Each month I spread a little love for some lovely books with monthly book reviews.
March is women’s history month, so this month I’m sharing women’s history books that focus on something I love: STEM. Check out these real stories of amazing women all of whom pursued their passions and became experts in science, technology, engineering, or math despite all the odds.
Science: The Girl Who Thought In Pictures: The Story of Dr. Temple Grandin by Julia Finley Mosca and Daniel Rieley
When young Temple was diagnosed with autism, doctors told her mother she would never speak or be able to fit in. They told her to send Temple away. But her mother did not give up. Neither did Temple. As she grew older, Temple found that her visual thinking and attention to detail were strengths. She revolutionized farming and found her voice as a speaker who travels the world.
The Girl Who Thought In Pictures on Indiebound
Math: Counting on Katherine: How Katherine Johnson saved Apollo 13 by Helaine Becker and Tiemdow Phumiruk
Katherine Johnson loved to learn and loved math. But growing up in the segregated South – she had to fight to continue pursuing her passion. Her perseverance not only let her reach her dreams, but also made spaceflight possible.
This is the same Katherine Johnson who was featured in the book-turned-movie Hidden Figures, which I have recommended before. While there is a middle grade edition of Hidden Figures, I was delighted to this important story told in a picture book format for younger kids.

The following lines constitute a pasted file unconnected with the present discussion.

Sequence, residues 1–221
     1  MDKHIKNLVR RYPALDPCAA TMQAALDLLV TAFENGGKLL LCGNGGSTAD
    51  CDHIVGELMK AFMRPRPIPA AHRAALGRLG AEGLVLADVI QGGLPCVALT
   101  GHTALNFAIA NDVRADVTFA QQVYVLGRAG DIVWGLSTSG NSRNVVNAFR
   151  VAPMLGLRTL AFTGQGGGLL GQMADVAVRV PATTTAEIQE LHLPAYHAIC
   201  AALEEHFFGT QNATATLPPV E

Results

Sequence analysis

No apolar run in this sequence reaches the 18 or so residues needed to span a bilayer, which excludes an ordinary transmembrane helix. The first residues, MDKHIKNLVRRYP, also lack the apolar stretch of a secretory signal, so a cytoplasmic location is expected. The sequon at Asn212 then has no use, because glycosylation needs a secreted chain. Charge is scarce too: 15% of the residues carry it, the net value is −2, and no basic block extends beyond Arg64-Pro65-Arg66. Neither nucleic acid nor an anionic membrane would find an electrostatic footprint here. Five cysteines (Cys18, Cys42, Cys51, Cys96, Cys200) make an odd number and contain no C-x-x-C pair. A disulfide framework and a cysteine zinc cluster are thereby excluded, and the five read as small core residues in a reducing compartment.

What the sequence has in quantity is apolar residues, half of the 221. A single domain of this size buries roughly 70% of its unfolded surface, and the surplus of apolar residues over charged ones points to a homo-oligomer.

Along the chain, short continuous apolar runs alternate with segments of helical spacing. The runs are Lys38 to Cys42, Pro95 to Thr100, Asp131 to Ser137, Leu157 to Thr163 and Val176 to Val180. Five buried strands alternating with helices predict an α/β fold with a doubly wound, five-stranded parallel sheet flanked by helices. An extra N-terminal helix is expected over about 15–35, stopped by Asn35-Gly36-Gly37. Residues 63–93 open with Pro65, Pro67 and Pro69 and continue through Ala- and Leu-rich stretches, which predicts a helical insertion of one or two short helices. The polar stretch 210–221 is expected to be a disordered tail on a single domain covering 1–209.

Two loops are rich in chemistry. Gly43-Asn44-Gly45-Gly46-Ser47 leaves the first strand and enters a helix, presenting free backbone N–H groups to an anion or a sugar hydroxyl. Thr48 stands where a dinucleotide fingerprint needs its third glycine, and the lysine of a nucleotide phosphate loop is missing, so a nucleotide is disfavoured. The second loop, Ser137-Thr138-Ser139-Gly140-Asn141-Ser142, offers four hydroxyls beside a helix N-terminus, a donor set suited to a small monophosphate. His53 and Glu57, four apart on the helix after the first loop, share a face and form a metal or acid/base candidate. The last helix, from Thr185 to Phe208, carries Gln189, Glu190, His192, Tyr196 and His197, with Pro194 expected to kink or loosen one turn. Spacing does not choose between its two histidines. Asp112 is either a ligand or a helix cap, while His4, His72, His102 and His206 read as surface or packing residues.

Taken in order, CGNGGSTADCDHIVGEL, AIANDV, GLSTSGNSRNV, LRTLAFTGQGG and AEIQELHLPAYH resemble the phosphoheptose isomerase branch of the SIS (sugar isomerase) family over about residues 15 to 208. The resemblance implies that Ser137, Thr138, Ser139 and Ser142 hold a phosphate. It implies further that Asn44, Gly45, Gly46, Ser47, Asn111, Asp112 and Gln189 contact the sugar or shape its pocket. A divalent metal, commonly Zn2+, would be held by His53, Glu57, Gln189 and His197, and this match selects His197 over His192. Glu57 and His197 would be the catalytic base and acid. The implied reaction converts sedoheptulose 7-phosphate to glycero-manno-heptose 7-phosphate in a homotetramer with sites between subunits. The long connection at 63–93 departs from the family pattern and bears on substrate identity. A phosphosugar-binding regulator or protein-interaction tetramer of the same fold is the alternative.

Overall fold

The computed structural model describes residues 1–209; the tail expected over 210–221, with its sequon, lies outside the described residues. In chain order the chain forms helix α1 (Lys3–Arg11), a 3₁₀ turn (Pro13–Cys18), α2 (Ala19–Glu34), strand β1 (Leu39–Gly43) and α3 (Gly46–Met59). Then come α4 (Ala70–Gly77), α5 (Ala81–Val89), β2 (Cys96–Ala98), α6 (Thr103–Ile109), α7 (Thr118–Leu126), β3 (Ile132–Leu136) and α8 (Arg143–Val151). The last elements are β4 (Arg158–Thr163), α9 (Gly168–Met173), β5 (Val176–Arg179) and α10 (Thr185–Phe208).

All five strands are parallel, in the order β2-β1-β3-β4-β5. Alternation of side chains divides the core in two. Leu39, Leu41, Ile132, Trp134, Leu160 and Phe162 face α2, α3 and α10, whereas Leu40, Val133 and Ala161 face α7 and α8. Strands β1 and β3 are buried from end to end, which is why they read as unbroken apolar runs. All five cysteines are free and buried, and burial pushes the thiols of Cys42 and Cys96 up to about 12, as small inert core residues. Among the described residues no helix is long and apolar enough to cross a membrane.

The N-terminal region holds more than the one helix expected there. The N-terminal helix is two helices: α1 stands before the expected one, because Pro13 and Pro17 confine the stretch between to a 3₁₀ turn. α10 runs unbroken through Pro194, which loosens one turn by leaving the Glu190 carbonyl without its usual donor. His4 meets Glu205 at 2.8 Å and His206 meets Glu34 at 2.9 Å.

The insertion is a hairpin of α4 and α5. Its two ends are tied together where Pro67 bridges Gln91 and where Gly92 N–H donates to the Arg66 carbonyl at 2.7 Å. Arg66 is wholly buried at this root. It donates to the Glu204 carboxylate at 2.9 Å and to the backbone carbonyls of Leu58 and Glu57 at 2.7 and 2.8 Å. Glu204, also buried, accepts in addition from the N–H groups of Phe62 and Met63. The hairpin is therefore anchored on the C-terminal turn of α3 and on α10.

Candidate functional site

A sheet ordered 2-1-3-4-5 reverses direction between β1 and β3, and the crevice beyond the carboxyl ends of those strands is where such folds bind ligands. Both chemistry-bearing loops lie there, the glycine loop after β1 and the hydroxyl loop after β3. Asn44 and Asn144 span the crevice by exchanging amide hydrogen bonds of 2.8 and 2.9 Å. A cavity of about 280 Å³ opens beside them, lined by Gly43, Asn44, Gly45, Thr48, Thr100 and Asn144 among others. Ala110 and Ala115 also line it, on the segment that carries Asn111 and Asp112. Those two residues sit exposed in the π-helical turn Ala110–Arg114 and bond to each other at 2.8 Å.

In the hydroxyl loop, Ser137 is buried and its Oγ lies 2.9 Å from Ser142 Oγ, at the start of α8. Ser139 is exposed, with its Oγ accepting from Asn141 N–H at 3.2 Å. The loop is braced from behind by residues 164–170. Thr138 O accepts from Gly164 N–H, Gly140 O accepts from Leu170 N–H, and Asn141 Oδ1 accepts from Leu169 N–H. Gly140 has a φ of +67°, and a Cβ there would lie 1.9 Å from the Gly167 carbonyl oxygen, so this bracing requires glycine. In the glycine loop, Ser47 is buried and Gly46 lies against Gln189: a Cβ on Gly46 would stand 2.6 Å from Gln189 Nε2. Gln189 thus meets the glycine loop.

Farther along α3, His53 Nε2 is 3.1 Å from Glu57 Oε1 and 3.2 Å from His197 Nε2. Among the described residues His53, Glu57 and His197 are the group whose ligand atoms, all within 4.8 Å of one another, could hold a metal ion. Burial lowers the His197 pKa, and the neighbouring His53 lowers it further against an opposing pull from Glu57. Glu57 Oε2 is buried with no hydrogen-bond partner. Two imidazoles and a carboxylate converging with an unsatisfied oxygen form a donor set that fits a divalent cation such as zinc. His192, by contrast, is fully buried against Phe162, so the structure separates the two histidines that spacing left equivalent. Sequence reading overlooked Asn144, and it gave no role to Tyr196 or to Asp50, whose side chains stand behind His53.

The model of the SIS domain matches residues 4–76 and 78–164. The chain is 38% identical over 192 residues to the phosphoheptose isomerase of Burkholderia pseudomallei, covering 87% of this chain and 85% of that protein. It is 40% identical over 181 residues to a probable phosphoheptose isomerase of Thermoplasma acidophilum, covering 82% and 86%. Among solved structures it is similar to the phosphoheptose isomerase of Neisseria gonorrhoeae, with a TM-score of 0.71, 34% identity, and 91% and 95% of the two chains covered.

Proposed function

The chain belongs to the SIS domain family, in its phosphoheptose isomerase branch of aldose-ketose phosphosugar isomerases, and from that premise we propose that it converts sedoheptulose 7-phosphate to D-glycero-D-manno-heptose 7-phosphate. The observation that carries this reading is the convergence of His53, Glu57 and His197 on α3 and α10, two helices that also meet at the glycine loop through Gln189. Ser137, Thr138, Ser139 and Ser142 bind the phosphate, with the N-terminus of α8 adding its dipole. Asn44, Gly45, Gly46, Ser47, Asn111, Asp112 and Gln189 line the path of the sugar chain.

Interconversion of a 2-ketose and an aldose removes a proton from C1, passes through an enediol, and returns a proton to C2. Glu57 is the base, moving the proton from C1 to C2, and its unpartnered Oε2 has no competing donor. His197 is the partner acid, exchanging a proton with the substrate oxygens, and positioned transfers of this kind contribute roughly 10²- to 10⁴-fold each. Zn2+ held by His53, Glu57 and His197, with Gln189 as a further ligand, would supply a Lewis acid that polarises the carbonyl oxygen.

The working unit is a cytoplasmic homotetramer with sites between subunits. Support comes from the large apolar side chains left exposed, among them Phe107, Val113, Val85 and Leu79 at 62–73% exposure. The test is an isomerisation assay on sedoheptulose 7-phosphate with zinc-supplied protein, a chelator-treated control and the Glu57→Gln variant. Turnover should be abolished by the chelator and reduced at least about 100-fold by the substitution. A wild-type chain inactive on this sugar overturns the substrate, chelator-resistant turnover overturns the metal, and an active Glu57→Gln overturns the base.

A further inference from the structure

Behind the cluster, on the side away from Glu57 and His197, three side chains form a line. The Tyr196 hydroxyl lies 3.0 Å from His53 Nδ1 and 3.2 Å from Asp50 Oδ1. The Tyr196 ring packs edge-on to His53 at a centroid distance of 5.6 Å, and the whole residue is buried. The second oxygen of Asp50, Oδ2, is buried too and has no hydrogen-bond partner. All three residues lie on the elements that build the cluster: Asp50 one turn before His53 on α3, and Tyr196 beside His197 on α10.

Counting on Katherine on IndieBound
Technology and Engineering: Ada Byron Lovelace and the Thinking Machine by Laurie Wallmark and April Chu
Long before there were computers, Ada Byron Lovelace had too much imagination and love of learning to listen when people told her a woman could not be a scientist. She meets a man named Babbage with a similarly impossible dream: a thinking machine. But how to give it commands? Ada goes to work developing a code to talk to this mechanical computer. She ends up inventing computer programming before computers even existed.
Ada Byron Lovelace and the Thinking Machine on IndieBound
Science: Joan Proctor Dragon Doctor: The Woman Who Loved Reptiles by Patricia Valdez and Felicita Sala
Joan always loved reptiles – while other girls carried around dolls, she had a pet crocodile. When all the men were called away to war, she got her chance: she got a job working with the reptiles she loved. Eventually, she became a leading expert in reptiles sharing her knowledge so the world would understand just how loveable reptiles could be.
Joan Procter, Dragon Doctor on Indiebound
You can find more book reviews on my book review page.